By Glen Sparks
The very idea seems ridiculous now. Just so preposterous. Impossible. Of course, this is more than 60 years later.
But back in the early 1950s, the baseball Cardinals nearly packed up and left St. Louis. They were bound for Houston, Texas, and taking Stan Musial with them. Fortunately, a beer baron intervened.
This story should properly start with a gentleman named Sam Breadon. Originally from New York City, Breadon moved to St. Louis in the early 1900s. He bought up several Pierce-Arrow auto dealerships and quickly made himself into a millionaire. Breadon purchased a small share of the Cardinals in 1917 and a majority share in 1920.
Back then, the Cardinals had not yet locked into their winning ways. In fact, they finished as high as third place just two times between 1900 and 1920, stuck in mediocrity. Branch Rickey changed all that.
Rickey jumped from the St. Louis Browns to the Cardinals in 1919. Breadon hired Rickey to manage his ballclub. And, following several listless seasons, fired him in the fall of 1925. Rickey was heartbroken.
“You can’t do this to me, Sam,” Rickey pleaded, according to an article on the St. Louis Cardinals Hall of Fame web site. “You’re ruining me.”
Breadon disagreed with his now-ex skipper. In fact …
“I am doing you the greatest favor one man has ever done to another,” Breadon pronounced.
Breadon had no intention of getting rid of Rickey. He really wasn’t even firing him. He was re-assigning him. The owner knew that Rickey had a talent for discovering and developing talent. He told Rickey to run the team’s front office.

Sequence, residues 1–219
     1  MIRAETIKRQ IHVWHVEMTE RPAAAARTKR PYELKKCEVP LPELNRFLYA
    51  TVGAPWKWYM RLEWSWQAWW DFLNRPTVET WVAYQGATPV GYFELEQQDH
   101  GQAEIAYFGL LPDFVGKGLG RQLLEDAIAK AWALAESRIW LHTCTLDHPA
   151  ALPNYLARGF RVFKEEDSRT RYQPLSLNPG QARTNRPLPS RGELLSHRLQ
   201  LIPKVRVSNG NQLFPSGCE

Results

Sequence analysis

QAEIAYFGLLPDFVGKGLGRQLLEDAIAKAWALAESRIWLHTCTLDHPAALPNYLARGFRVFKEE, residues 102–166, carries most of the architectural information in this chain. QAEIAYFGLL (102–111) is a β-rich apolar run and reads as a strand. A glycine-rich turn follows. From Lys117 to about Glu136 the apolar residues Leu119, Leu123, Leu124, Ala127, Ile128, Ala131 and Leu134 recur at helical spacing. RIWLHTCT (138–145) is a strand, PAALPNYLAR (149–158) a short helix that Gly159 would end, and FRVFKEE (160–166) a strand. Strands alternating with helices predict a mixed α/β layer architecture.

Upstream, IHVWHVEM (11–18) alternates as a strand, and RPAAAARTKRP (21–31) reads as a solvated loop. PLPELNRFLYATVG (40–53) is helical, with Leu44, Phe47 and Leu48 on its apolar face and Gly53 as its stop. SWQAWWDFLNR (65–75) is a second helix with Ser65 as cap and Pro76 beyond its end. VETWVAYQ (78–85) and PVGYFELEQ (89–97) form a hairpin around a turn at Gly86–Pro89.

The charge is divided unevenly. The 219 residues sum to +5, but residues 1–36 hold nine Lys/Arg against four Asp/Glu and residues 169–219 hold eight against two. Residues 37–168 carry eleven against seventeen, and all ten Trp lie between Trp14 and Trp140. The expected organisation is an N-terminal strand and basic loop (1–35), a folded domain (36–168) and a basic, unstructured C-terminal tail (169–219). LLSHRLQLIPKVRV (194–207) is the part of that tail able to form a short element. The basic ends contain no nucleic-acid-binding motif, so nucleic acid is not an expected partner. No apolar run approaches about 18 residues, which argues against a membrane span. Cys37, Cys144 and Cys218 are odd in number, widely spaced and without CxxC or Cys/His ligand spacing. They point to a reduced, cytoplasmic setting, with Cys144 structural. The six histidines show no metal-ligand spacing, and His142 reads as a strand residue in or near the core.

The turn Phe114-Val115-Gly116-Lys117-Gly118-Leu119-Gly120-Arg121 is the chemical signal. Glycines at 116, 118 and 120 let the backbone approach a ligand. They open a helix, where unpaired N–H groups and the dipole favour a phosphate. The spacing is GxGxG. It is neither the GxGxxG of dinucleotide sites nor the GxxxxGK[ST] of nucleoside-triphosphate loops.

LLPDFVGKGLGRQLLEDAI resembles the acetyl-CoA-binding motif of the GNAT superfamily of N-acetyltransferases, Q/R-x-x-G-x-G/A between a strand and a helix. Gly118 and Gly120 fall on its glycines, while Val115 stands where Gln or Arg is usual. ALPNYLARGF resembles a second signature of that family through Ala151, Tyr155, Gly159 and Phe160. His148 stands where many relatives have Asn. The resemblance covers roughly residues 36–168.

St. Louis won its first World Series in 1926, with Rogers Hornsby as manager. Meanwhile, Rickey began building baseball’s first farm system. Out of that came the talented and fabled Gashouse Gang. “Ducky” Medwick, “Dizzy” Dean, “Daffy” Dean and “Pepper” Martin played pranks and won pennants. Later, the Redbirds added Musial, Enos Slaughter and Marty Marion.
From 1926 to 1942, St. Louis won six National League pennants and three World Series. Rickey left the team following the ’42 season to lead the Brooklyn Dodgers. (Some say Breadon pushed the influential and opinionated Rickey out the door.) That didn’t stop the winning. The Cards took three more pennants from ’43 through ’46 and two more World Series (1944 and 1946).
Breadon, facing mounting tax issues and in ill health, sold the Cardinals in November 1947. Attorney and investor Fred Saigh bought the club. The Saigh story didn’t end well. In fact, for the purposes of this story, it ended with a federal indictment.
The federal government charged Saigh with failing to pay $49,260 in taxes due to Uncle Sam from 1946 through 1949. Saigh pleaded no contest to two charges in January 1953. The judge sentenced him to 15 months. With good behavior, Saigh was a free man by Thanksgiving.
Baseball Commissioner Ford Frick wanted the Redbirds sold before Saigh left for prison. Incredibly, Saigh could not find a buyer. Finally, a group of Houston businessmen came calling.
This would have been easy. The Cards’ Texas League team, the Buffalos, played in Houston. Ergo, St. Louis owned the major-league rights to the city in southeast Texas. They were free to go.
Enter August Anheuser “Gussie” Busch Jr. The head of Anheuser-Busch brewery and the grandson of the company’s founder, Gussie was quite the baseball fan. He also knew that baseball fans liked to drink beer, especially on hot, humid afternoons in St. Louis.
Busch bought the Cardinals on this date in 1953 for $3.75 million and owned the team until his death at age 90 in 1989. St. Louis won championships in 1964, 1967 and 1982. Lou Brock, Bob Gibson and, later, Keith Hernandez and Ozzie Smith (“Whiteyball”), led the way.
The brewery no longer owns the Cardinals. The team, though, is in good hands, and counts on more than three million fans every year to pass through the turnstiles. The Cards have won 11 World Series, second only to the New York Yankees (27). Once nearly gone, no St. Louis institution is more beloved than the one with the birds on the bat.